By Parker Leipzig
Rep. Steny Hoyer (D-5th) and House Speaker Emerita Nancy Pelosi (D-Calif.) were evicted Tuesday from their United States Capitol hideaway offices in the aftermath of the ousting of former Speaker Kevin McCarthy.
The ejection of Hoyer and Pelosi from their hideaway offices was one of the first acts of the new interim speaker, Rep. Patrick McHenry (R-N.C.).
Hoyer’s communications team confirmed reports that he was ordered out of his hideaway, but declined any further comment on the matter in a statement to Capital News Service.
A veteran of the House since 1981, Hoyer twice has served as House majority leader: from 2007 until 2011 and 2019 until January of this year.
Pelosi, who was speaker until January when the Republican majority took charge, was not able to move her things out of her hideaway herself because she was in California for Sen. Dianne Feinstein’s funeral. Feinstein, the longest-serving female senator in U.S. history, died last week at age 90.
“Office space doesn’t matter to me, but it seems to be important to them,” Pelosi said in a statement. “Now that the new Republican Leadership has settled this important matter, let’s hope they get to work on what’s truly important for the American people.”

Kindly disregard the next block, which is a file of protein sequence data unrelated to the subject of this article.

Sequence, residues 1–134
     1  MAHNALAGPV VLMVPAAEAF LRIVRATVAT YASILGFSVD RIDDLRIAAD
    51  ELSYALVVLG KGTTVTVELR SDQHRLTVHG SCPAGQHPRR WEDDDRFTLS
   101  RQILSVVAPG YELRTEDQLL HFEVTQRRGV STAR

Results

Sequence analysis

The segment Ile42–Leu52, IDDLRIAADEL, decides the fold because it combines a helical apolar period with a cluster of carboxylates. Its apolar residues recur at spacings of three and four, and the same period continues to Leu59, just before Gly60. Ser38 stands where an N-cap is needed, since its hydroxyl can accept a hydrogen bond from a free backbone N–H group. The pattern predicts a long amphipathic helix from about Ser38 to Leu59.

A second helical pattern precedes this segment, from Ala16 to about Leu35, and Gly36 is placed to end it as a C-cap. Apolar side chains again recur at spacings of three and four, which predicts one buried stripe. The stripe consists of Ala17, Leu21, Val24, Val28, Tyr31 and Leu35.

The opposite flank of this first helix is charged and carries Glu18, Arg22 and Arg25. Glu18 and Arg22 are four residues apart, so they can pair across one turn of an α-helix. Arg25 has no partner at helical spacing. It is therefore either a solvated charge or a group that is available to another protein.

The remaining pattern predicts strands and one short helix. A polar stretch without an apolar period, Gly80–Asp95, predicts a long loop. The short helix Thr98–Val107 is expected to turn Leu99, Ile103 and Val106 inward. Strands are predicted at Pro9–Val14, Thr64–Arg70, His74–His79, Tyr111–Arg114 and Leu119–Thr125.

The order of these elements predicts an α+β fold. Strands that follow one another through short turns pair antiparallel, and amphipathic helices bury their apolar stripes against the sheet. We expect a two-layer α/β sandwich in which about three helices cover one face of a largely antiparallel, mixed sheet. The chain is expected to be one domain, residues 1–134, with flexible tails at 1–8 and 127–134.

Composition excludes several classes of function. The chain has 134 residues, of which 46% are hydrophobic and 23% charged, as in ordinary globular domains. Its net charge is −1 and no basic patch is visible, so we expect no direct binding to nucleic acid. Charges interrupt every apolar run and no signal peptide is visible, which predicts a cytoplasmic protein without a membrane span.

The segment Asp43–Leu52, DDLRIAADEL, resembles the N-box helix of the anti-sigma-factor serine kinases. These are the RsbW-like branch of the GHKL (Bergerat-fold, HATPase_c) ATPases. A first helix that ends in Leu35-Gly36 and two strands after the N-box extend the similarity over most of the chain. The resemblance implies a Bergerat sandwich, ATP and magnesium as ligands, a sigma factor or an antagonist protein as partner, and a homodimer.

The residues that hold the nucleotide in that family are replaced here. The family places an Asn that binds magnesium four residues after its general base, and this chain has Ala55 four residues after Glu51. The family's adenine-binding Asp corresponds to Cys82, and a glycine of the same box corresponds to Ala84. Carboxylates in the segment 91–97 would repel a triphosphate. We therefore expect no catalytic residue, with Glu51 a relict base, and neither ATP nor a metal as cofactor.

“Sadly, because I am in California to mourn the loss of and pay tribute to my dear friend Dianne Feinstein, I am unable to retrieve my belongings at this time, ” she said.
The former speaker said the “eviction is a sharp departure from tradition,” and noted that she gave former speaker Dennis Hastert (R-Ill.) “a significantly larger suite of offices for as long as he wished.”
However, Pelosi deviated from custom as well when she was speaker and revoked Mike Pence’s House office space while he was the vice president, instead giving it to the White House legislative affairs team.
Both Pelosi and Hoyer occupied large suites of offices in the Capitol when they were in their leadership posts.
Capitol hideaways became a tradition and treasured perk as Congress expanded in size and lawmakers desired more space and privacy to conduct their work. All current senior lawmakers have their own assigned hideaways, but the location of these offices are meant to be kept secret, as are who works in each one.
These discreet offices — behind unmarked doors — are often used by lawmakers to meet with staff and colleagues, to find a quiet place to rest, or to speak about delicate matters without fear of being overheard. Hideaways have become less secret in recent years as some senators and House members have allowed their staffs to work and hold small meetings in the private spaces.
Hoyer and Pelosi both will continue to maintain their larger offices in the Longworth House Office Building across from the Capitol.